All Postdoc Fellows
All Postdoctoral Fellows
Timothy Lehmann was a postdoctoral fellow in the George Washington Forum at Ohio University (2016–2017). He earned his Ph.D. in political science from Boston College and his B.A. from Kenyon College. He specializes in the history of political philosophy, with an emphasis on eighteenth century political thought. His current research focuses on Montesquieu and Rousseau, especially with regard to the themes of freedom, human passions, education, commerce, and citizenship. He has taught American politics at Boston College and political philosophy and comparative politics at the College of the Holy Cross.
Dr. Christopher Barkerbarkch@gmail.com
Christopher Barker, a political theorist, was the Thomas W. Smith Postdoctoral Fellow in U.S. Legal and Constitutional History, 2012-2014. He is now an assistant professor of political science at Southwestern University in Kansas. He came to Ohio University after holding positions at Harvard University and Boston College. He completed his dissertation at Claremont Graduate University, where he wrote on John Stuart Mill’s account of the problem of authority in democracy. His current research assesses the way in which liberal democratic political theorists conceive of the nexus between representation, religious belief, and scientific authority. He is presently working on a book manuscript exploring the way in which political representatives, religious believers, and scientific experts have (and have failed to) become the three authoritative voices of liberal regimes.
Dr. Patrick Peelpform@earthlink.net
Dr. Patrick Peel was the Thomas W. Smith Postdoctoral Fellow in U.S. Legal & Constitutional History, 2010-12. He is currently a visiting assistant professor of political science at the University of Montana. Peel has an M.A. in philosophy and a Ph.D. in politics from Johns Hopkins University. His research focuses on the historical development of American law and its contribution to state building. His dissertation, Building Judicial Capacity in the Early American State: Legal Populism, County Courts, and Credit, 1645-1860, won the Edward S. Corwin Award from the American Political Science Association for the best dissertation in the field of public law. Peel is currently finishing a book that tells the story of how local legal institutions built a “rule of law” culture in early American society. This story runs counter to the traditional “top-down” stories, which focus on the Supreme Court, federal courts, and elite legal opinion, ignoring the legal attitudes of the middling sort people, and the legal institutions they used and valued.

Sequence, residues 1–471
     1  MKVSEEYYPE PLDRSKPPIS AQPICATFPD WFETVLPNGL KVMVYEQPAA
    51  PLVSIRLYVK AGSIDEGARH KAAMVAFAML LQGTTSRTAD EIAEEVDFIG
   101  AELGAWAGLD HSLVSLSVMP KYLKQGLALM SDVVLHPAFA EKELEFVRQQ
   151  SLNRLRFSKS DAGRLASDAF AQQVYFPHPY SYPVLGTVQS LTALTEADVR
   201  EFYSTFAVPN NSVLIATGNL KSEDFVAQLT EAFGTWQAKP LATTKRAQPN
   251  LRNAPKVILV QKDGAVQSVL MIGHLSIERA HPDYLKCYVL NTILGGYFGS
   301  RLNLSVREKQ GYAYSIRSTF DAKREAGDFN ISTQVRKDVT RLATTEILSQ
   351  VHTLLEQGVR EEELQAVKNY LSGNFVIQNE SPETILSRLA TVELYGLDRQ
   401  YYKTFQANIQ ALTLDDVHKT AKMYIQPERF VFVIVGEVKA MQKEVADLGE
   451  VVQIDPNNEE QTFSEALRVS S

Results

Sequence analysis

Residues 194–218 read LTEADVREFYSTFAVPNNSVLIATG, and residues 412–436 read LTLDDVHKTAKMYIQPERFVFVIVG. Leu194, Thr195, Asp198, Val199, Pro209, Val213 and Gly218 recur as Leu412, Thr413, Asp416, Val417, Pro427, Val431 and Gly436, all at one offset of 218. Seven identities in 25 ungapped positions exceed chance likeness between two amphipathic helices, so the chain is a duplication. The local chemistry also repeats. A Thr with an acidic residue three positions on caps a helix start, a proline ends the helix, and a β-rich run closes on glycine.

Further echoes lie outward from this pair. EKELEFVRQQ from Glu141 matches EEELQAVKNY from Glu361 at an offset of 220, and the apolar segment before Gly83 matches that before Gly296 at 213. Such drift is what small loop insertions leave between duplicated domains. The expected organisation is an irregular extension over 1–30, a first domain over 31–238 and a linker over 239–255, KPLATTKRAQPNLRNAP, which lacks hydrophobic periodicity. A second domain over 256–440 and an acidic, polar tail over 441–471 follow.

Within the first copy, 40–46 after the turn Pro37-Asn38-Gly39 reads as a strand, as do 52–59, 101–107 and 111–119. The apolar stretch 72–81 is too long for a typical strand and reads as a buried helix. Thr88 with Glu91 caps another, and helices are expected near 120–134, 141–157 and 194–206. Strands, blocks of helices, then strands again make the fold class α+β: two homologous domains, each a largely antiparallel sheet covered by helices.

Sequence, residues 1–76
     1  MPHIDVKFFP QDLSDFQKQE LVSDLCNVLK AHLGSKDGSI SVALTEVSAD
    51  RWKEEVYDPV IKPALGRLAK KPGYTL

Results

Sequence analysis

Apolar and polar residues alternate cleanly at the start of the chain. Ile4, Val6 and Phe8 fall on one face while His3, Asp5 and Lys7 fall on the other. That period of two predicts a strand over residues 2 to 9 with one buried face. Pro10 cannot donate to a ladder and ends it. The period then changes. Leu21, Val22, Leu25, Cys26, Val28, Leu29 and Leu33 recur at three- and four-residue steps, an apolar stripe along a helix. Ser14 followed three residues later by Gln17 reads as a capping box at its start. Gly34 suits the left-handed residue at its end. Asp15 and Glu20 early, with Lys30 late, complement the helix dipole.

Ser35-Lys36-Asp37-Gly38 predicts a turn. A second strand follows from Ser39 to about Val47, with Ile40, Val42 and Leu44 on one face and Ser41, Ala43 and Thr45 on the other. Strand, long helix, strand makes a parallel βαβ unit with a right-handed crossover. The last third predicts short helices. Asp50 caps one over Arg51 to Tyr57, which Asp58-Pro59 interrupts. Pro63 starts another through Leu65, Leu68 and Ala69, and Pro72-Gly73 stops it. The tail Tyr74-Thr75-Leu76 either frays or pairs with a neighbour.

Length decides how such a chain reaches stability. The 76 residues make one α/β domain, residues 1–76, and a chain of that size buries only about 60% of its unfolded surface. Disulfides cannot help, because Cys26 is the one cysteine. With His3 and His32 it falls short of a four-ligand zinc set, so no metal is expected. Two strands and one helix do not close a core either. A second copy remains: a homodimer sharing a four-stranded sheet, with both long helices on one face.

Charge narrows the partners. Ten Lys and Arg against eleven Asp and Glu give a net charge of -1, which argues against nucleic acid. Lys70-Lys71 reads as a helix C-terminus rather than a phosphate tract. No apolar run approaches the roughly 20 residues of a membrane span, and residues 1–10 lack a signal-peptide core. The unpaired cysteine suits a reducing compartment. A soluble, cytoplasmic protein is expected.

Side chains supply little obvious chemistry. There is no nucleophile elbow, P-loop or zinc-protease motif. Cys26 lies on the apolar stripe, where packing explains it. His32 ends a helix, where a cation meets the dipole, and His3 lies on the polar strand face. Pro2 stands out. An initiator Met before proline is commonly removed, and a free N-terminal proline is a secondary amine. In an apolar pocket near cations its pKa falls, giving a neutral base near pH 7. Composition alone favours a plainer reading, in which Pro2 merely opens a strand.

Robert G. Ingramingramr@ohio.edu
Robert Ingram is an historian at Ohio University, where he teaches courses in early modern British and European religious, political, and intellectual history. Born and brought up in Ruston, Louisiana, he did his undergraduate work at The University of the South in Sewanee, Tennessee, and his doctoral work at the University of Virginia in Charlottesville, Virginia. Robert is the founding director of the George Washington Forum on American Ideas, Politics, and Institutions, a fellow of the Royal Historical Society and the President of the Southern Conference on British Studies.